Reviewing the values of patriotism

Chloe Forbes, Editor-in-Chief

You’re either with us or against us. That’s the message emanating most to me during this election. I’ve never seen anything as polarized as our country right now. There are plenty of people who are “cutting off” friends and family because of their presidential choices. I have only met a few people who can truly carry a conversation in a respectful and open way, rather than becoming violent and irreverent toward the other person. Other than people feeling disheartened, I’ve noticed another change – people have grown to feel like they aren’t part of America, saying things like “he’s not my president.”
Now, over the past four years, I too have grown weary of America. The thought of a white guy in an F250 with a flag flying makes me nauseated quite honestly. This is ridiculous to me because I am someone who knows my amendments by heart and finds gratitude in voting and having the ability to make change. Yet I still find myself assuming anyone wearing the American flag is of a certain party, and I immediately feel unsafe. How did it come to be that there is one image of an American and some citizens are bullied for not fitting that certain image?
Colin Kaepernick kneeled in protest and was deemed unpatriotic.
The image for Blue Lives Matter takes the shape of a stripe on the American flag.
The president of the U.S. uses the words “we” to describe Republicans as Americans and “they” to oppress other viewpoints.
This is the politics of patriotism, toxic patriotism.
The ideology behind authoritarian patriotism stands that one country is inherently superior to other countries, and believes people have a primary allegiance to land birthright, legal citizenship and government’s cause. There is unwavering loyalty with unconditional support toward leaders.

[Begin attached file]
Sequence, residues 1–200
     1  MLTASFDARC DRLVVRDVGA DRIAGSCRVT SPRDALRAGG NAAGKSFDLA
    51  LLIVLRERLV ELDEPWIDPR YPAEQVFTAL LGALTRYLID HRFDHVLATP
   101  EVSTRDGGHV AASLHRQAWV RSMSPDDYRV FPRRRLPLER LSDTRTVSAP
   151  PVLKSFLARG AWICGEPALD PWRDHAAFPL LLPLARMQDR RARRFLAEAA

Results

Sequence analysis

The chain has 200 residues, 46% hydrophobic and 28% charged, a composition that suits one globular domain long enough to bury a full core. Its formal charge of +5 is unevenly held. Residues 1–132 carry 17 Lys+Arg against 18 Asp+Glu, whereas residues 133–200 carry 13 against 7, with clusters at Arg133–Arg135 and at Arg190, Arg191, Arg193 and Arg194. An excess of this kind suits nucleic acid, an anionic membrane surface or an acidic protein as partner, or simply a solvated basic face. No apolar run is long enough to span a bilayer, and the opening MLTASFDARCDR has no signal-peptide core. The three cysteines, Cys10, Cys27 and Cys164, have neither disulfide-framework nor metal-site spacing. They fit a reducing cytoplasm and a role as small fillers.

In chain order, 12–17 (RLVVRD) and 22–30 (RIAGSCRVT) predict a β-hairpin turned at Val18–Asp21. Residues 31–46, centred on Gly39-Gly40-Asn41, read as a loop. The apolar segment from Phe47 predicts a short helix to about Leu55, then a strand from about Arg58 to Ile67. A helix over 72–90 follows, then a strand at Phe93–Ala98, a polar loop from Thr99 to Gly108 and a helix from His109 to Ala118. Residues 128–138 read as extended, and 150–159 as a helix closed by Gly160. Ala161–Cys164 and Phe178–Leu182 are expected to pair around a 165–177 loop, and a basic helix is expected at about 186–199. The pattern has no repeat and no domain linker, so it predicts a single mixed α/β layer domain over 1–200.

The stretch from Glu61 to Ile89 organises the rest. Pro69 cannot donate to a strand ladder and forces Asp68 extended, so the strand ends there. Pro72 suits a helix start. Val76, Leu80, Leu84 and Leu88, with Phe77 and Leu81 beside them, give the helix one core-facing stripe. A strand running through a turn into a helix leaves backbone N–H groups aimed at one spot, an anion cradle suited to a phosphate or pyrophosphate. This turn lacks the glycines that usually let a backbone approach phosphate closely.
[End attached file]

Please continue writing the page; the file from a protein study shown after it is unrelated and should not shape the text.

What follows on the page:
To me, this is awfully close to ethnocentrism.
Democratic patriotism, on the other hand, is the belief that one’s country ideals are worthy of admiration and respect, with allegiance to underlying principles.
My admiration for America comes from the fact that I appreciate the principles on which this country stands and how those rights allow me to be critical of my country and shape it to be the best it can be through democracy.
I think other times people can lose sight of what patriotism is and use it as a weapon. Equating American values to the opposition of something is wrong. Instead, everyone should use this time to reinforce principles of justice and equality.
This week, I saw this put in action. A letter was anonymously mailed out to people in the university, giving a viewpoint that dealt with racial issues in the Gannon community. I’ve got to be honest and say I was enraged at it at first glance because it didn’t fall in line with my views. The more time I sat with my thoughts, though, I came to an understanding with the letter and with myself.
If someone feels strongly enough to express themselves outwardly, that’s something I need to respect. I’m interested to know how the Gannon community would react, but most importantly, I want to help inform this person and have a genuine conversation within a safe setting first. I think we are so polarized politically right now that we should all try to have this mindset. Both as Democrats and Republicans, there needs to be a respect for the human behind the beliefs even if their opinions don’t fall in line with our own, just as our allegiance lies to the principles behind our country. Personally, I’d like to ask whoever wrote the letter to contact me as I decide how to publish it. I will hold your wish to be anonymous to the community, but to truly understand the impact on the community, I need to know who you are and identify that you are a Gannon community member rather than an aggregator. If your feelings are so convicted, I’d like to have a conversation.



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